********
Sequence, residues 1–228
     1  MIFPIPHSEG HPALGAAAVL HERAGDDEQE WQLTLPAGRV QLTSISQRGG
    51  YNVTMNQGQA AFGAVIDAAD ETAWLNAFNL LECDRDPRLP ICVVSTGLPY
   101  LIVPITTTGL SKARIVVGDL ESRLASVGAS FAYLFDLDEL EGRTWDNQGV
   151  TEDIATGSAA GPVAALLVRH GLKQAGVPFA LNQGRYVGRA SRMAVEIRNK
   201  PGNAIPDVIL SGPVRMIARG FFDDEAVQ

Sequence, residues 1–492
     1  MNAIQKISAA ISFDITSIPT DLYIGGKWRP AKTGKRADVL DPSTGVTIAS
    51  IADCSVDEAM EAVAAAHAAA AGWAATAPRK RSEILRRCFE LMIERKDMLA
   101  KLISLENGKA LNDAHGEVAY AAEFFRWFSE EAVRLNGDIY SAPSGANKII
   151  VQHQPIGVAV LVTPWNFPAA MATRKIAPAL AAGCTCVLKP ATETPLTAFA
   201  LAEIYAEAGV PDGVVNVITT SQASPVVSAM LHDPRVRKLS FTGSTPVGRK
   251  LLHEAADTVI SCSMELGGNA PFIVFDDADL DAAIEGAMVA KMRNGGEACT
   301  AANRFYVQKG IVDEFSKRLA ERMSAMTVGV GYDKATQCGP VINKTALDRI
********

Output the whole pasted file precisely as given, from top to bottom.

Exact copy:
Sequence, residues 1–228
     1  MIFPIPHSEG HPALGAAAVL HERAGDDEQE WQLTLPAGRV QLTSISQRGG
    51  YNVTMNQGQA AFGAVIDAAD ETAWLNAFNL LECDRDPRLP ICVVSTGLPY
   101  LIVPITTTGL SKARIVVGDL ESRLASVGAS FAYLFDLDEL EGRTWDNQGV
   151  TEDIATGSAA GPVAALLVRH GLKQAGVPFA LNQGRYVGRA SRMAVEIRNK
   201  PGNAIPDVIL SGPVRMIARG FFDDEAVQ

Sequence, residues 1–492
     1  MNAIQKISAA ISFDITSIPT DLYIGGKWRP AKTGKRADVL DPSTGVTIAS
    51  IADCSVDEAM EAVAAAHAAA AGWAATAPRK RSEILRRCFE LMIERKDMLA
   101  KLISLENGKA LNDAHGEVAY AAEFFRWFSE EAVRLNGDIY SAPSGANKII
   151  VQHQPIGVAV LVTPWNFPAA MATRKIAPAL AAGCTCVLKP ATETPLTAFA
   201  LAEIYAEAGV PDGVVNVITT SQASPVVSAM LHDPRVRKLS FTGSTPVGRK
   251  LLHEAADTVI SCSMELGGNA PFIVFDDADL DAAIEGAMVA KMRNGGEACT
   301  AANRFYVQKG IVDEFSKRLA ERMSAMTVGV GYDKATQCGP VINKTALDRI